FERA Permits Non-Employees to Bring Retaliation Claims § Pre-FERA FCA allowed employees to sue FERA Permits Non-Employees to Bring Retaliation Claims § Pre-FERA FCA allowed employees to sue employer for damages and other relief if discriminated against as a result of their actions in connection with a false claims lawsuit or investigation § FERA makes retaliation claims available to contractors and agents who contend that they have been discriminated against 56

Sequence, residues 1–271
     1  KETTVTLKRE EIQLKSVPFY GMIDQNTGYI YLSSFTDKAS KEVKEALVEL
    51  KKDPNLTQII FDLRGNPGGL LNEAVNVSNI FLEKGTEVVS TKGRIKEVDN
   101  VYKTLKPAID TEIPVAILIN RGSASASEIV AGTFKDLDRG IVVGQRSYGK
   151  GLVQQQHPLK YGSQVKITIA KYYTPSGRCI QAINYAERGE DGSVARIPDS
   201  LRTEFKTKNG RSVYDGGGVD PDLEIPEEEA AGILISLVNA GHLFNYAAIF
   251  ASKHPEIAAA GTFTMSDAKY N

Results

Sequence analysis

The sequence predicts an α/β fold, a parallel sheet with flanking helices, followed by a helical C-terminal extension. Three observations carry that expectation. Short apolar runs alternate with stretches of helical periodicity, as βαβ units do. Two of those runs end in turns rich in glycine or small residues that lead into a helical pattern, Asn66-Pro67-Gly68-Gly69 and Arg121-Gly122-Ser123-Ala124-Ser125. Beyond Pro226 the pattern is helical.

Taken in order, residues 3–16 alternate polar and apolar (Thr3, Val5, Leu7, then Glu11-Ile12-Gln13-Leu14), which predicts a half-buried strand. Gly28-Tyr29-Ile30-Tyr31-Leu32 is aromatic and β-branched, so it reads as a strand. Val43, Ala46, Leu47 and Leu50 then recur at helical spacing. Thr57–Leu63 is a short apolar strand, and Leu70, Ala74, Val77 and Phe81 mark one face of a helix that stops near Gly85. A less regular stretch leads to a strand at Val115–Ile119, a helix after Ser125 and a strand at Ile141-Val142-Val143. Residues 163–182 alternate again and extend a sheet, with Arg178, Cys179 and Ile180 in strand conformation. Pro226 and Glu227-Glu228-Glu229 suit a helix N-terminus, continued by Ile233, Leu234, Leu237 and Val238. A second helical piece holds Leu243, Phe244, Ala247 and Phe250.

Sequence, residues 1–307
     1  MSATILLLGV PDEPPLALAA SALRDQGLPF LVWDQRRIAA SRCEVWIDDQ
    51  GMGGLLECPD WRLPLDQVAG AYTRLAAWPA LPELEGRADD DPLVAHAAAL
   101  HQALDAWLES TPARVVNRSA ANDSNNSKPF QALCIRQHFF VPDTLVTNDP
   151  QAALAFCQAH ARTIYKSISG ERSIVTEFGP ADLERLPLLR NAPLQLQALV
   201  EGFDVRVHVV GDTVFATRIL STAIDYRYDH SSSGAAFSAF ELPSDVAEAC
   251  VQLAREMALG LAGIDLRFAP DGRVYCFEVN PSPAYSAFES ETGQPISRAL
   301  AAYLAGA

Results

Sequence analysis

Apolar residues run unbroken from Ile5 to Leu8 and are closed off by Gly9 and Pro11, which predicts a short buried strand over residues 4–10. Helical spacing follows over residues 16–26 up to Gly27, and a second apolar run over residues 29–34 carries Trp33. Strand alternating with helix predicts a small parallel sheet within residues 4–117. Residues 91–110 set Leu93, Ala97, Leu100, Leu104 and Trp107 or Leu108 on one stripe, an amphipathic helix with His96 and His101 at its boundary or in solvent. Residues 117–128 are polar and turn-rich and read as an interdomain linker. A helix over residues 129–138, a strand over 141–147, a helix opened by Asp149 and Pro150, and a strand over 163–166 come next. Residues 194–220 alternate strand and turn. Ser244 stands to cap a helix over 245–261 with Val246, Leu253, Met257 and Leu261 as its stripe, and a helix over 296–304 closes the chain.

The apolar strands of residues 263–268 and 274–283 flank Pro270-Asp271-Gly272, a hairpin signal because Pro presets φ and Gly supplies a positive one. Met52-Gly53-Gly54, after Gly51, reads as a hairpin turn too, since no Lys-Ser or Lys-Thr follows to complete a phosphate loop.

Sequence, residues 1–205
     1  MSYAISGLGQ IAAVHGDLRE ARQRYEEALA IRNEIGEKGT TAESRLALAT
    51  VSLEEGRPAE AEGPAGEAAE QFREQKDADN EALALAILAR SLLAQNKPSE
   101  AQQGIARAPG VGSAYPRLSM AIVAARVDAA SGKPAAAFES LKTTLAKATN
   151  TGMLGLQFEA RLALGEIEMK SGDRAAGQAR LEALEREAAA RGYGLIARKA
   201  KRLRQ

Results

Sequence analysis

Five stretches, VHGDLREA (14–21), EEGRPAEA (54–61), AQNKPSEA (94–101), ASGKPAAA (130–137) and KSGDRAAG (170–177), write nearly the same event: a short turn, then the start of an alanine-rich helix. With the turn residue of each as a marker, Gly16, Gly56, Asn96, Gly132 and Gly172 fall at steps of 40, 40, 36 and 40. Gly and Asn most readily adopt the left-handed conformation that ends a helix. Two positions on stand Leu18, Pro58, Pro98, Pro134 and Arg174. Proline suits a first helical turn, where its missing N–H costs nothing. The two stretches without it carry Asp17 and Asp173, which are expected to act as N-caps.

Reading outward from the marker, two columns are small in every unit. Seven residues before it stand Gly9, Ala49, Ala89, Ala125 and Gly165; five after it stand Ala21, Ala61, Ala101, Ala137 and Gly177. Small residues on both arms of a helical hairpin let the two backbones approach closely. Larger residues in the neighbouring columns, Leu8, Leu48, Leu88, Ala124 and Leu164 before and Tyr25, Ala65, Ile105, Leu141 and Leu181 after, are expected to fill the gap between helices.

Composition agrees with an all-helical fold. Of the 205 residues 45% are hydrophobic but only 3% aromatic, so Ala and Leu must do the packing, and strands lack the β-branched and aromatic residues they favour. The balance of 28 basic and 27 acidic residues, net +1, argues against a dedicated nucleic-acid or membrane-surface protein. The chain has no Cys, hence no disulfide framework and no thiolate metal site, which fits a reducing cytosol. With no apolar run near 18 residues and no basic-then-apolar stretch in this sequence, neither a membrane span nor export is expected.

Patient Protection and Affordable Care Act Provisions Affecting False Claims Act § Patient Protection Patient Protection and Affordable Care Act Provisions Affecting False Claims Act § Patient Protection and Affordable Care Act (PPACA) (March 2010) § Public Disclosure bar curtailed § Enhanced influence of whistleblower plaintiffs’ bar § 60 -day Period to Report and Return Overpayments § Runs from the point at which the overpayment is “identified” or the date any corresponding cost report is due, whichever is later § After the 60 -day period, the overpayment becomes an “obligation “ under the FCA § “Identified” is not defined § FERA includes expansion of FCA definition of “obligation” to amounts that are not “fixed” § 60 -day period for repayment of amounts received in violation of Stark law already in place (trigger for civil monetary penalties) 57